Patterns of pedoturbation by tree uprooting in forest soils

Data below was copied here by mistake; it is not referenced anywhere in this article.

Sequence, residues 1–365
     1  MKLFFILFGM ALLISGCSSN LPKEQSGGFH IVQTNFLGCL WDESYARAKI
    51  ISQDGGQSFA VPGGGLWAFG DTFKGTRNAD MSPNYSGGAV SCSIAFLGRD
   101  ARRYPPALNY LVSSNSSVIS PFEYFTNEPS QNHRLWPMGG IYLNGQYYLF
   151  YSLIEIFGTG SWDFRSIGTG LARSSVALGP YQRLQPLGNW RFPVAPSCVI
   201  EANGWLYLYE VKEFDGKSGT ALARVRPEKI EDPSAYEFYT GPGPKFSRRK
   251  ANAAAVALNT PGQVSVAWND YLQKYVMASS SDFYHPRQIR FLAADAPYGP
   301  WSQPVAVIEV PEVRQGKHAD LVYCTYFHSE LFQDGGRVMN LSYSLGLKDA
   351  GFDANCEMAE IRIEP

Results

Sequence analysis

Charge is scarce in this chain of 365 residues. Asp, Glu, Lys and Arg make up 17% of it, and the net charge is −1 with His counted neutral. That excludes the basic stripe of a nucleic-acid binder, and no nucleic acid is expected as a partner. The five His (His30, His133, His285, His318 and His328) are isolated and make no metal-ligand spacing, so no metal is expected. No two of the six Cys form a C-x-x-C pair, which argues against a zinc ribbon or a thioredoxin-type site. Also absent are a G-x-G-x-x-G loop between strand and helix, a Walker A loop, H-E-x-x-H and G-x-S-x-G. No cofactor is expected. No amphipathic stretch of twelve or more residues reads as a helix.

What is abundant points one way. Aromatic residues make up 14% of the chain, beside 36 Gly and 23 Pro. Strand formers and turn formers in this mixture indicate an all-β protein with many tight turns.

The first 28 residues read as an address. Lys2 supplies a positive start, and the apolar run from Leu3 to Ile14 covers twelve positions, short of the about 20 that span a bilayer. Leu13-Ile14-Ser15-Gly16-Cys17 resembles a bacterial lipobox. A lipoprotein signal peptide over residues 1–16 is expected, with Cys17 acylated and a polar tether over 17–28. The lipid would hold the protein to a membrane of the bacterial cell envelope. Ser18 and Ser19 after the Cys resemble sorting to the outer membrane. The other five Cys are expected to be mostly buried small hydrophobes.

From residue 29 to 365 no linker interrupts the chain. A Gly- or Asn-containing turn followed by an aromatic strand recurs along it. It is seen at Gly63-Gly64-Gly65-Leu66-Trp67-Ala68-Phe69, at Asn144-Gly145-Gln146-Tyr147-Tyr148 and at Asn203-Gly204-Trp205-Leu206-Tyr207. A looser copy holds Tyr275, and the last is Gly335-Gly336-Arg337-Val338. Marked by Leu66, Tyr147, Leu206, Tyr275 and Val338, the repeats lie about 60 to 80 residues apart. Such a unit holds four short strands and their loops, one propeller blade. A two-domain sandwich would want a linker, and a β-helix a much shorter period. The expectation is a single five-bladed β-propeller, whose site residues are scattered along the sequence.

The fall of a tree accompanied by its uprooting is the most common natural end of the tree life. To understand how soil is affected by treefalls, it is necessary to recognize their signs in soil profiles, even when their surface features (pit-and-mound topography) are erased. The paper reviews these signs of treefalls in soil profiles, which can be used to distinguish the patterns of old treefall-related pedoturbations. The paper is based on a literature analysis and results of authors’ long-term studies of forest soil in the European part of Russia and in the Western Siberia. Two main types of uprooting of a falling tree (hinge and rotational treefalls) are considered. The paper presents data on the sizes of 424 pit-and-mound soil complexes for nine tree species (Tilia cordata, Acer platanoides, Fraxinus excelsior, Ulmus glabra, Quercus robur, Betula pendula, Populus tremula, Picea abies and Pinus sylvestris) and describes peculiarities of soil relocation in the process of different treefalls, which is necessary to recognize old treefall complexes in soil profiles. The following soil-profile signs of treefalls are considered: (1) treefall pits (cauldrons); (2) spotty or streaky structures of different degrees of contrast; (3) blocks of «buried material» from the upper soil layers; (4) washed (bleached) material depositing at the bottom of pits and filling soil pores and channels of various origins; (5) signs of hydrogenous changes of soil material resulting from water stagnation in the pits; (6) root channels at the bottom of the pit and (7) inclusions of litter and charcoal. As shown by our studies, treefall-related pedoturbations affect soil profiles at a depth larger than the depth usually described by the soil horizons A, E, Bhs, etc. A conclusion is made that in most forest soils, the middle and lower parts of profiles have patterns originating from the transfer of soil material upon treefalls.